Clarrie Feinstein

When the L train closure was announced in 2016, everyone saw it coming: the hipster exodus. The young professionals settled in Williamsburg and Bushwick would struggle with the inconvenience of shuttle bus service taking them to the Marcy stop on the JMZ line. And walking to alternative subway routes like the G train? Forget about it.

The impending closure began to effect real estate in the area. In 2017, vacancy rates were at 13 percent and real estate managers were struggling to salvage the allures of the area. However, when Governor Cuomo announced that the L train would not be permanently closed for the 15-month repair, business owners and residents along the L train collectively sighed in relief.

The L train now has modified service, with trains running every 20 minutes between Brooklyn and Manhattan on weeknights after 8 p.m. and all weekend. The MTA has posters advertising for transit-goers to take the G, J or M for faster routes into Manhattan. Instead of walking, passengers can take buses that allow access to these lines. The Williamsburg Link bus operates on two routes — one clockwise (B92) and one counterclockwise (B91). The bus routes connect the Bedford Avenue (L train), Metropolitan Avenue – Lorimer Street (G/L train), Marcy Av (J/M train) and Hewes Street (J/M train), though only the B92 bus connects to Hewes St.

FlatRate Moving, a company that helps move residents, released a list of the trendiest neighborhoods in New York City based on customer data from more than 35,000 moves. They found that Bushwick and Williamsburg were the most popular neighborhoods with the highest increase of movers at nearly 39 percent.

“Surprisingly, the canceled L train shutdown did not sway interest in moving to Brooklyn. Within the past year, interest in moving into Brooklyn has actually skyrocketed,” said FlatRate founder Sharone Ben-Harosh. “The area still represents a haven for creatives, musicians and young professionals looking for lower rents and a vibrant cultural scene. While rent is getting more expensive in certain parts of Brooklyn, it’s still cheaper than Manhattan. So a slight disruption in L train service over the next few years won’t stop the popularity of Bushwick/Williamsburg as great places to live.”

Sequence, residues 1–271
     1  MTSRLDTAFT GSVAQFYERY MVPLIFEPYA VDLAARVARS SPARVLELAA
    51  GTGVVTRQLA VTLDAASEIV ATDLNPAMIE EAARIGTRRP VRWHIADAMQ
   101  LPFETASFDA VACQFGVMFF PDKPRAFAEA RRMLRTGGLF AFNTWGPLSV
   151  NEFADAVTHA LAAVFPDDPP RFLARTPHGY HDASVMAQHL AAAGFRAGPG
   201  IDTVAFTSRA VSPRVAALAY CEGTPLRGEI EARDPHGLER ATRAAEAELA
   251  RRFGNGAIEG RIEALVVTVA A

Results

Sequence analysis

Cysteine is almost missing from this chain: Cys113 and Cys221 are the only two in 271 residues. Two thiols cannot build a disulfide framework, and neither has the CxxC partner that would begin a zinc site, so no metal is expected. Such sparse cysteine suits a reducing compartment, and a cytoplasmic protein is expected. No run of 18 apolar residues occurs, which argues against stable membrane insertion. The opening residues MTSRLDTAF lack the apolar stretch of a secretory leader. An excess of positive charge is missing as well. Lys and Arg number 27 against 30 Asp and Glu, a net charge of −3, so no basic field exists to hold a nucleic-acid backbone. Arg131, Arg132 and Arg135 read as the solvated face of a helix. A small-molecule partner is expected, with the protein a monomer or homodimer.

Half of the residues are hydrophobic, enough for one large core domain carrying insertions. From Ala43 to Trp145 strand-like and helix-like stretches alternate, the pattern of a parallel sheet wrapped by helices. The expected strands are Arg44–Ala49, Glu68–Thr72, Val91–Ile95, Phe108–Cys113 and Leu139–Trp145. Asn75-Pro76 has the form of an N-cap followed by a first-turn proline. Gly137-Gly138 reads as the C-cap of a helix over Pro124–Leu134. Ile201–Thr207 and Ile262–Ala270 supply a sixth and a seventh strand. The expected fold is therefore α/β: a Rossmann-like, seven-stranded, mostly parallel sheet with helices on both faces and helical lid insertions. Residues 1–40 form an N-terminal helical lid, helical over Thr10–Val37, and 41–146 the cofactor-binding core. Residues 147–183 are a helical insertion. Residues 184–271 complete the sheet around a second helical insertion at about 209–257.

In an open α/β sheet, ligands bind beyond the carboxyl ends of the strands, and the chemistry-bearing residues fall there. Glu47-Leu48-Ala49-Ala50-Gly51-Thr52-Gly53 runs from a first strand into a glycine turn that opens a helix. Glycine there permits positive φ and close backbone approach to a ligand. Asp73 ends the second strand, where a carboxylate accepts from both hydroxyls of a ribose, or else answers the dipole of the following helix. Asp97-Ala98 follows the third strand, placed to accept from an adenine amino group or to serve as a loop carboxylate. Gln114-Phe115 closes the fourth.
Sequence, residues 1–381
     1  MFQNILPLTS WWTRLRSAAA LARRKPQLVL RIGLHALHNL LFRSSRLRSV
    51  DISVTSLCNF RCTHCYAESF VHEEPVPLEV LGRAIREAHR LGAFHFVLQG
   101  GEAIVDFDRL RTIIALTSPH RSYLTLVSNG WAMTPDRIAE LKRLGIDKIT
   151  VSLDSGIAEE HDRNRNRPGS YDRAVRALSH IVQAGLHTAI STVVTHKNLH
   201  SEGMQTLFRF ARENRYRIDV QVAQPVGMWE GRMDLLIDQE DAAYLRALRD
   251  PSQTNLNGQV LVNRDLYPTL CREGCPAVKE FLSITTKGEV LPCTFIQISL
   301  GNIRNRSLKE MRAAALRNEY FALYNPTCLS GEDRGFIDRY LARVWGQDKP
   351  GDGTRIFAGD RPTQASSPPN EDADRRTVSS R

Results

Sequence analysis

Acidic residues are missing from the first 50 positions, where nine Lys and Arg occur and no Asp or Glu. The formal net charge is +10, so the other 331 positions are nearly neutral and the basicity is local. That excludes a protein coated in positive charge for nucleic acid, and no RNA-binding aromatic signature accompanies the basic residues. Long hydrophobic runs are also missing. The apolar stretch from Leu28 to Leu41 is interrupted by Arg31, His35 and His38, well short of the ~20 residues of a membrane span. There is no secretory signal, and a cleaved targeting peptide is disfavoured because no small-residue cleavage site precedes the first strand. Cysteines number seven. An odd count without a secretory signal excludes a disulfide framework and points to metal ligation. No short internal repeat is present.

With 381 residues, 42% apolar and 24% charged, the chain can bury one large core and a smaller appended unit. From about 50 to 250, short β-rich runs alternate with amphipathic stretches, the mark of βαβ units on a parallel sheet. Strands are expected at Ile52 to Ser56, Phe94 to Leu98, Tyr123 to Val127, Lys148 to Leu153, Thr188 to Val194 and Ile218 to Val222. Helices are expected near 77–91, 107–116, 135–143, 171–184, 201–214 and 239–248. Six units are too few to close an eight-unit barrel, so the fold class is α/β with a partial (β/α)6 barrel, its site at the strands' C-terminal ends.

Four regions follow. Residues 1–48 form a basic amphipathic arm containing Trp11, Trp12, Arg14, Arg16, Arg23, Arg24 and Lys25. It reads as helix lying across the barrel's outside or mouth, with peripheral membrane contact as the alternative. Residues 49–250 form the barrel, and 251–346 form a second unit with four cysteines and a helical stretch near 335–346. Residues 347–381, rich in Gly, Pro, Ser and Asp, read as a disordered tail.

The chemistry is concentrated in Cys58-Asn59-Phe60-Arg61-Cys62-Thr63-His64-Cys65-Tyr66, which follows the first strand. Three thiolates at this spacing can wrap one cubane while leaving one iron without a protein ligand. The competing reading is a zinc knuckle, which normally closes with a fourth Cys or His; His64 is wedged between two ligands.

Greenpoint followed Bushwick/Williamsburg with a nearly 38 percent increase, Flatbush at 27 percent, Central Harlem at 26 percent, and Long Island City at nearly 24 percent. This spring, fewer New Yorkers are moving to Soho and Tribeca (-3.1 percent), Northwest Brooklyn (-3.0 percent), West Central Queens (-2.7 percent), East Harlem (-2.3 percent) and Downtown Manhattan (-1.1 percent).

“Brooklyn is home to many diverse ethnic communities, which is unique and vastly different compared to neighborhoods in Manhattan,” said Ben-Harosh. “Plus, the rent is a bit lower, especially for walk-ups and apartments that are not so close to the subways.”

For now, it seems that Williamsburg and Bushwick residents will ride out the L train disruption for the slightly cheaper digs and $6 happy hour drinks.

Photo Courtesy of Travis American

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